This is why two tribally led cases in the courts today are so exciting. They have the potential for catapulting the Rights of Nature movement while reenforcing tribal sovereignty.
In 2018, the White Earth Band of Ojibwe adopted the rights of “manoomin” into its tribal law. This wild rice is an essential traditional food, culturally and economically, for tribal members. The law recognizes manoomin’s rights to “exist, flourish, regenerate and evolve” as well as to “restoration, recovery and preservation.”
In 2021, the White Earth Band Tribal Court filed a lawsuit, Manoomin vs. Minnesota Department of Natural Resources, stating the department circumvented notifying the tribe when it issued a permit to Enbridge that would allow the company to take 5 billion gallons of water from the local aquafer and pump it through its Line 3 oil pipeline. The tribe states that the pipeline’s proposed route through Minnesota’s waterways will siphon water out of sensitive ecosystems and potentially pollute them if there is an oil leak. These threats infringe upon manoomin’s rights to thrive across 389 acres and 17 different water bodies.
In response, the state of Minnesota filed a motion to dismiss the case based on a “false claim,” saying the lands affected are not within the tribe’s jurisdiction. When the motion was dismissed, the state sued the tribe’s judge in federal court, violating a treaty that guaranteed the Ojibwe inherent and sovereign rights to hunt, fish and gather, even in the territories that were ceded to the U.S. government.
This past January, the Sauk-Suiattle Tribe sued the city of Seattle, seeking legal recognition of the rights of “Tsuladxw” (salmon) to “exist, flourish . . . and regenerate” and asserting the tribe’s responsibility to protect salmon from the damages caused by the city’s dams on the Skagit River. Similar to the White Earth Case, the Sauk-Suiattle Indian Tribe vs. City of Seattle lawsuit is predicated on a treaty between the tribe and the United States that grants tribal members rights to fish, hunt, gather and travel on their ancestral territory.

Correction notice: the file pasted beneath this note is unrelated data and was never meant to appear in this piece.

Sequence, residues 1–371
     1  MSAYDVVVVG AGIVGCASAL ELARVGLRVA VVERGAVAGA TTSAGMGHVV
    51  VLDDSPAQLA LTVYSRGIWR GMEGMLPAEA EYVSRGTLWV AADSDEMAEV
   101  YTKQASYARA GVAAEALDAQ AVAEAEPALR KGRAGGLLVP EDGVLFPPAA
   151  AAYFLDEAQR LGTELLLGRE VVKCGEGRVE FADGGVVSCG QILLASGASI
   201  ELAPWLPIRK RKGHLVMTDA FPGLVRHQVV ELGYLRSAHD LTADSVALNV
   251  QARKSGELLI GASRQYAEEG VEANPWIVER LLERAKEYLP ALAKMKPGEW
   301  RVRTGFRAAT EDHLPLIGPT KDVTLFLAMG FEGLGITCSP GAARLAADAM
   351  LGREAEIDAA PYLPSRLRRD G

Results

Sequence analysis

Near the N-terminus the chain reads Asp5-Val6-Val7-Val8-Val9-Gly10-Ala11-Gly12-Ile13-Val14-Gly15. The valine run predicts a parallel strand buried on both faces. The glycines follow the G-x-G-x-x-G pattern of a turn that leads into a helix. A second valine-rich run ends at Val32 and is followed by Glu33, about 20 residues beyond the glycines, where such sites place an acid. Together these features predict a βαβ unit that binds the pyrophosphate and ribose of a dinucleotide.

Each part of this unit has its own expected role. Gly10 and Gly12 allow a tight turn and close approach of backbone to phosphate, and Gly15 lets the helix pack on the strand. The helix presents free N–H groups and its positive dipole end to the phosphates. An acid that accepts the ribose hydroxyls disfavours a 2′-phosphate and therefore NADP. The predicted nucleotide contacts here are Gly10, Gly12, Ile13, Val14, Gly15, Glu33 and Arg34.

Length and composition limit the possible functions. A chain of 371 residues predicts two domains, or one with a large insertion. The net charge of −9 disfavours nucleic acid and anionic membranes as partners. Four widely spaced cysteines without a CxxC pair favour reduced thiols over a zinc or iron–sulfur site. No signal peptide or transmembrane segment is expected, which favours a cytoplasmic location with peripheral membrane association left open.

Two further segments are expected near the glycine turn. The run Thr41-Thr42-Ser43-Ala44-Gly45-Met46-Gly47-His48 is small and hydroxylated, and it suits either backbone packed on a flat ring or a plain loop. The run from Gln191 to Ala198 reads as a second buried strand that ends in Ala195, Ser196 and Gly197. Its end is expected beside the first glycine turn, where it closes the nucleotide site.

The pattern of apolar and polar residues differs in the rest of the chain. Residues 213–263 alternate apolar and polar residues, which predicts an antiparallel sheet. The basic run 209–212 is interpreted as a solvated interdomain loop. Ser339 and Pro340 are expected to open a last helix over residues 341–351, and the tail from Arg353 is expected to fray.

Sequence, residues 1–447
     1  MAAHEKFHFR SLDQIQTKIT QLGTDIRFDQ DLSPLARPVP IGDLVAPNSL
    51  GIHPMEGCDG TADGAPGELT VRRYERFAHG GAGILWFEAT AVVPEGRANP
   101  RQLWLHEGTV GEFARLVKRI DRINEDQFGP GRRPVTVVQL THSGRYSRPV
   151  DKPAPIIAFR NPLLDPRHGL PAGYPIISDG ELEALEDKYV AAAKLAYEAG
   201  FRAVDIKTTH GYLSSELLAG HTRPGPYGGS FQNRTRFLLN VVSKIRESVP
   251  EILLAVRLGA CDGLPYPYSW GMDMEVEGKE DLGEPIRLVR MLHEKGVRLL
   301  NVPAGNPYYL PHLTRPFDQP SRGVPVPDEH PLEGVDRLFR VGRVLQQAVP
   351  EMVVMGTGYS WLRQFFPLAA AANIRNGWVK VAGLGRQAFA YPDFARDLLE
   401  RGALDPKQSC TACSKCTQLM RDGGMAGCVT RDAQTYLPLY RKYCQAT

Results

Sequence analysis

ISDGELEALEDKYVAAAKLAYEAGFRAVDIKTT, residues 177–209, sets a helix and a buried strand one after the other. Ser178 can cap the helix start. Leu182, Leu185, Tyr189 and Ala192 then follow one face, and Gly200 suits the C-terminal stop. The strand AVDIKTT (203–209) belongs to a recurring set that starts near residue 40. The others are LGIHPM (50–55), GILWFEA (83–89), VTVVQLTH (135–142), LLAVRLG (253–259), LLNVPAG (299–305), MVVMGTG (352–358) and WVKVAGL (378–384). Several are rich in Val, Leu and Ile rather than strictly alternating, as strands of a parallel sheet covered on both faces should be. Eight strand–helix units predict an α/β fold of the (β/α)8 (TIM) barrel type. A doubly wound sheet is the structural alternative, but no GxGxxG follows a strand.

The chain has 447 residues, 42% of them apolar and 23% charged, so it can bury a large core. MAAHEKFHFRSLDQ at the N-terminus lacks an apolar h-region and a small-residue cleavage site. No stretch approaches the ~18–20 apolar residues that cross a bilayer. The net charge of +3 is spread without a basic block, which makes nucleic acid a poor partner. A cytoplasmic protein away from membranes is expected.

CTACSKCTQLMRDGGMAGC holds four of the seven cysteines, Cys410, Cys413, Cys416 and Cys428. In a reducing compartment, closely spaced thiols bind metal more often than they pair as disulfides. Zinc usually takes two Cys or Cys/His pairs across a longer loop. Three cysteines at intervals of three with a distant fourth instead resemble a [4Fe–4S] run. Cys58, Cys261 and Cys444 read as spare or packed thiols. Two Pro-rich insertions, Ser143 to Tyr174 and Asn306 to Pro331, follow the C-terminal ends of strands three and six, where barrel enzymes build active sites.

For now, these cases seem to be playing out a football match of who ultimately has what control over jurisdictions on and off tribal lands. As of early March, the Eighth Circuit U.S. Court of Appeals had not yet issued a verdict in the White Earth Band’s case and the Sauk-Suiattle Tribe’s lawsuit has yet to be seen in court.
Yet these are just two of many more Indigenous-led cases to come to protect threatened ecosystems across the United States. If treaty rights based in the inherent sovereignty of American Indian tribes are not upheld by federal courts, these cases could expand to the International Courts of Justice. Legal dismissal of rights defined by treaties between the United States and tribal sovereign nations will weaken the sovereignty of nation states around the world, contributing to global trends to undermine democracy while making a statement that Indigenous peoples and the ancestral territories we protect do not matter.
“We have perpetual rights to enjoy and spiritual duty and responsibility to protect the gifts from the Creator,” said Frank Bibeau, citizen of the Minnesota Chippewa Tribe and the attorney representing White Earth Band’s case. “Our quality of life is directly dependent on and connected to the quality of lives of our relations—the water (“nibi”), wild rice (“manoomin”), fish, birds, four-legged animals and plants. We cannot live without them.”